Some robots are born into a humdrum life of working on an assembly line or a dangerous task like cleaning up nuclear accidents.

The mission for the tiny android that 14-year-old Samaj Schell was building with a K'nex building kit, two small motors, and a microcomputer inside a Drexel University lab was arguably less important but felt a lot cooler: Holding a tiny mallet and pounding out notes on a xylophone.

Schell, a rising 10th grader at Friere Charter High School in Center City, showed off on Thursday his creation at Drexel's Summer Music Technology (SMT) camp for area high school kids as it pounded out the C-E-G notes that he'd programmed on his iPad, overcoming an initial glitch that had the robot pounding "A" instead. "It's trial and error," he shrugged.

Why make a robot play the xylophone?

"A better question is, why not?" replied Schell, summing up the ethos of the summer program at Drexel's ExCITe (Expressive and Creative Interaction Technologies) Center, where kids learn to make beautiful music through science, and vice versa. "When I was in middle school I did a little bit of robotics … and music is a must need in my life," the teen said.

At a moment when many educators are treating the idea of blending science and the arts into new pathways toward invention like a hot new release, that notion is something of a golden oldie at Drexel's SMT camp, which since 2007 has worked with some 200 high school-age kids from across the Philadelphia region in merging youthful passions for making music and for new technologies into something unique.

In a long lab complex with glass walls, the 25 students at this summer's camp sat at long tables, pounding out a  symphony of projects — making sensors that can trigger a synthesizer with light or motion, coding a "tambourine robot" so it bangs an empty Pringles can, or designing mobile apps that can change a drumbeat or an octave on a piano.

Youngmoo Kim, the director of the ExCITe Center, who came up with the idea for a music and technology camp a decade ago with help from a National Science Foundation start-up grant, said the relationship between music and science "has always been symbiotic," dating back to the ancient Greeks. But in the 21st century he finds the burning desire of adolescents to create new music an especially useful way to introduce them to skills such as coding or robotics that can open new avenues to careers or creativity.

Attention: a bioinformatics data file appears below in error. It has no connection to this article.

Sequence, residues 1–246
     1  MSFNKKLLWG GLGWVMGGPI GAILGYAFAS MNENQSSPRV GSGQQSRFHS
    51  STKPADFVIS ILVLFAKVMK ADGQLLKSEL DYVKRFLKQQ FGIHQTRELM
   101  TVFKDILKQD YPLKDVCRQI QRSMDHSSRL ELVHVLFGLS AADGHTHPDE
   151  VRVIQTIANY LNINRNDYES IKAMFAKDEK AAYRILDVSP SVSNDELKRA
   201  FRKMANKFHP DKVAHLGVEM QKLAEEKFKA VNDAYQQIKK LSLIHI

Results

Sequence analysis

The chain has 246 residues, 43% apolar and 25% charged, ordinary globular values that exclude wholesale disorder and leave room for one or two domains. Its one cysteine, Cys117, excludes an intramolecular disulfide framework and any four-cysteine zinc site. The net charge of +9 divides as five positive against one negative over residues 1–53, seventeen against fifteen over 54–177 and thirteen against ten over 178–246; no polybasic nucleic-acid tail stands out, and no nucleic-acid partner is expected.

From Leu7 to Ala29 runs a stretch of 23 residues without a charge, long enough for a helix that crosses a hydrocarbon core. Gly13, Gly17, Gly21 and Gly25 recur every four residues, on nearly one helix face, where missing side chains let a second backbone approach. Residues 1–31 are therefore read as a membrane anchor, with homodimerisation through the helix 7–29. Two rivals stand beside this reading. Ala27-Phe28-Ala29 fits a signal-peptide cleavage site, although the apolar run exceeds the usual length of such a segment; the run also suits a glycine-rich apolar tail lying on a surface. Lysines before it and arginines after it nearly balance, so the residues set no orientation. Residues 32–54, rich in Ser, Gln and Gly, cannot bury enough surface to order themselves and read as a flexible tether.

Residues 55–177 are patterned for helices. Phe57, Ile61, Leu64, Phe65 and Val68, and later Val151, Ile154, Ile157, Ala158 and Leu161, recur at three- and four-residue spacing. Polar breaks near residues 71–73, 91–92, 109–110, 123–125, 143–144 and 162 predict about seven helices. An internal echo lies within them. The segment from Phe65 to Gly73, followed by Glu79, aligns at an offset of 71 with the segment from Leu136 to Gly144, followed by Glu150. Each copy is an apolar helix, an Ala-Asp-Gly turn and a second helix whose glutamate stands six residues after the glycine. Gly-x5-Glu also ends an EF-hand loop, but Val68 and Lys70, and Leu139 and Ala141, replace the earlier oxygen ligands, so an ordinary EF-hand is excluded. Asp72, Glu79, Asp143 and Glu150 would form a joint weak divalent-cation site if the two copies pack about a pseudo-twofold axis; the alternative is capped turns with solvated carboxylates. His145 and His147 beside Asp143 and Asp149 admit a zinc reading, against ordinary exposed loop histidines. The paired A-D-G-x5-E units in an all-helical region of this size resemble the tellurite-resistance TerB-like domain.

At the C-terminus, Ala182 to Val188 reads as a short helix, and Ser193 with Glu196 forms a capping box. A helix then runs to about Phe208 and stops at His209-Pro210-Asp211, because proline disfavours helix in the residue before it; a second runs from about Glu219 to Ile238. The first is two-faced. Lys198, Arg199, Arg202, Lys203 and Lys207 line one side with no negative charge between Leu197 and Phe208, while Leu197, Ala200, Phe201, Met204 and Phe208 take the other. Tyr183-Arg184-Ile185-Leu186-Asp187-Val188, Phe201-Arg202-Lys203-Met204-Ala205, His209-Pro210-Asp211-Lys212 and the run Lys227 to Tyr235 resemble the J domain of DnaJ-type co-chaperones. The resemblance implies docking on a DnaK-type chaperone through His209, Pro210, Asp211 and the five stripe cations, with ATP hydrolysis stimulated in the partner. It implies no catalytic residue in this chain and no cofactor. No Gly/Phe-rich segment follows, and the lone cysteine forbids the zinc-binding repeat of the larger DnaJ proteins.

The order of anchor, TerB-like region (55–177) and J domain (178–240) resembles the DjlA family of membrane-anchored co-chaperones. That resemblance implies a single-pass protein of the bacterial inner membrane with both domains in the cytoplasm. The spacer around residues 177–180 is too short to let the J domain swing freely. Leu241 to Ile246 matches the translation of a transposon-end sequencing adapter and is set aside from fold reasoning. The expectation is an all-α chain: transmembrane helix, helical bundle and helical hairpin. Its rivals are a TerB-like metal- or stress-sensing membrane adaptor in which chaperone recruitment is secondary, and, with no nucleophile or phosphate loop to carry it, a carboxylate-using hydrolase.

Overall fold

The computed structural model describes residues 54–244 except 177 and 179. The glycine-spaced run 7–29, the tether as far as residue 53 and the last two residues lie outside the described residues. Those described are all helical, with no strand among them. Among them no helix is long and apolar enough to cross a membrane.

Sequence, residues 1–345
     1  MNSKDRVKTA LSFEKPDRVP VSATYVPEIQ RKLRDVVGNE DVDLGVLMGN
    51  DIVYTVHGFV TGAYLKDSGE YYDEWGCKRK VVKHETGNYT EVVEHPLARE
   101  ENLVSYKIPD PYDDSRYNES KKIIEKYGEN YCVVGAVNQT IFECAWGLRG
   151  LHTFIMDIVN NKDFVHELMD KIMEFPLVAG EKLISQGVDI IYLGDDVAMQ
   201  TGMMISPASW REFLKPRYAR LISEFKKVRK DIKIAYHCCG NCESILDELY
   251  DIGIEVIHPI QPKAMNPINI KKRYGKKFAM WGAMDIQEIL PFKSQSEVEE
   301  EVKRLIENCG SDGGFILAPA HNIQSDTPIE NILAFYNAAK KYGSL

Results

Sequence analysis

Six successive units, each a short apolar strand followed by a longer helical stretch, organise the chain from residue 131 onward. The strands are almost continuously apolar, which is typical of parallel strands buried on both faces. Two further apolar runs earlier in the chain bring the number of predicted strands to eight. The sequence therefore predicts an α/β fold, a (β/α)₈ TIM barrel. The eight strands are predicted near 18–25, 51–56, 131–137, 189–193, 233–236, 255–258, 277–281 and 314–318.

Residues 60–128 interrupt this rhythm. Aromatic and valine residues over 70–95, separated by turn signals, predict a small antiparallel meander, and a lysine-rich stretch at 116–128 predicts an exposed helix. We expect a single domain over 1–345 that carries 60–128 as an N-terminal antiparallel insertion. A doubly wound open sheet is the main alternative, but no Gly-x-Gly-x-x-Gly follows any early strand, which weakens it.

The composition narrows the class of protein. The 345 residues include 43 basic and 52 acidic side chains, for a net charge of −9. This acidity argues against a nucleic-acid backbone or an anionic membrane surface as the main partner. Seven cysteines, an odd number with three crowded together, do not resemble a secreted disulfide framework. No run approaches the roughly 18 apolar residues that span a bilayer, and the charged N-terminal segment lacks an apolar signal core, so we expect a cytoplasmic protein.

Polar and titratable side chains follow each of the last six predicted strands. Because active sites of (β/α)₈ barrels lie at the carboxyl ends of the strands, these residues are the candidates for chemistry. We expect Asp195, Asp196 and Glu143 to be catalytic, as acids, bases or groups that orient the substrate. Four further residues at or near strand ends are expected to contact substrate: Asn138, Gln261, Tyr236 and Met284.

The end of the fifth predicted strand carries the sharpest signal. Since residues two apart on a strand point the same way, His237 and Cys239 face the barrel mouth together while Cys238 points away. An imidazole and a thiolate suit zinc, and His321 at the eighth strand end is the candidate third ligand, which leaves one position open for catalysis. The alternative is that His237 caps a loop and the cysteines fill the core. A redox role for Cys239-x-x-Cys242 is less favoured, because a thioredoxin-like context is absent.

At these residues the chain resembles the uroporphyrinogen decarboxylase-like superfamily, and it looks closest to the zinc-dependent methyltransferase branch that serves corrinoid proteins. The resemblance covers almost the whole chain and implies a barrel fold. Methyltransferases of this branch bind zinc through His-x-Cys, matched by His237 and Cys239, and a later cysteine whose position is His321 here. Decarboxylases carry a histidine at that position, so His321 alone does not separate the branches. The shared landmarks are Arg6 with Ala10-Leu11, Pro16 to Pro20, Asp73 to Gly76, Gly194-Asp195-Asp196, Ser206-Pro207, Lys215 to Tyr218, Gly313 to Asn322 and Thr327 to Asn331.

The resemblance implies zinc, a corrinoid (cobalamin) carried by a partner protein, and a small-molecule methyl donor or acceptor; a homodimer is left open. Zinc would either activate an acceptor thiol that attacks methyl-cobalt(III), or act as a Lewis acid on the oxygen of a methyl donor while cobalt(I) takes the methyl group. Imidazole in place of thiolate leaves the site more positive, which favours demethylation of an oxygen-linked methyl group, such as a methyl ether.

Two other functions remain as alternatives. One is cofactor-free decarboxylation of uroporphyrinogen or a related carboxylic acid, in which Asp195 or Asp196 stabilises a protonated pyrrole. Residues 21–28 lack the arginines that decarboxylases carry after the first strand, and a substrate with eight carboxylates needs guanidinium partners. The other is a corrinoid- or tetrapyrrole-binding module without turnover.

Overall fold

Nyah Alston works building a robotic arm out of K'nex that will play a violin as part of a robotic band.
Charles Fox
Nyah Alston works building a robotic arm out of K'nex that will play a violin as part of a robotic band.

"I can't predict what things they're going to do," said Kim, who has insisted that the camp remain free of charge and include kids from a wide spectrum of backgrounds and talents. He said he'll come into the camp on a Friday and "'Whoa, I never in a million years would have thought of that! — moments of creativity that inspire innovation."

The experience for kids at the week-long camp mirrors the life journey of Kim, who was attracted to the seemingly opposing magnetic poles of music and technology going back to his undergraduate days at Swarthmore College, where he double-majored in music and engineering. The pattern repeated at Stanford University, where he earned master's degrees in electrical engineering and voice, and in his Ph.D. studies at Massachusetts Institute of Technology (MIT) in media arts and science, a prelude to launching a music technology lab at Drexel in 2005.

Today, Kim still performs in a local a cappella group, the Tonics, and can laugh off questions about choosing between music and science. "My whole life has been spent not having to answer that question," he said.

At a nearby table, 16-year-old Jackson Craig, a rising 10th grader at Germantown Friends School wearing a Beach Boys "Pet Sounds" T-shirt, was working on a high-tech volume control that can amply distortion or other sound effects in his guitar. Craig — who's been playing guitar since he was 8, and recently performed a solo acoustic gig at World Café Live — said the drive to make better music encouraged him to explore technology.

"I'm really into the music," Jackson said. "I don't know anything about the technical part of it. It's important to know — especially in the music industry today."

But other kids at the Drexel camp said they see their future in computer science or advanced robotics — and that music is a fun way to acquire new skills.

"I like coding a lot," said Jordyn Dennis, a 15-year-old rising sophomore at Philadelphia's Central High School, who had rigged up the tambourine robot with the Pringles can. "This program was hard," said Dennis, who had learned a new computer language to get her cyborg to play to the beat.

It all works toward the final-day performance, where the campers show off their various apps, robots, and gadgets in a mini-concert. On this day, the kids were rehearsing Mick Ronson and Bruno Mars' "Uptown Funk." At first, the focus is less on tech and more on music, with traditional fits and starts. The boy backup singers struggle to clap and nail the vocals at the same time, until one of the female backups doubles over in laughter at a botched take.

"This is good chaos," said Kim, in what could be the camp's mantra. "It's controlled chaos."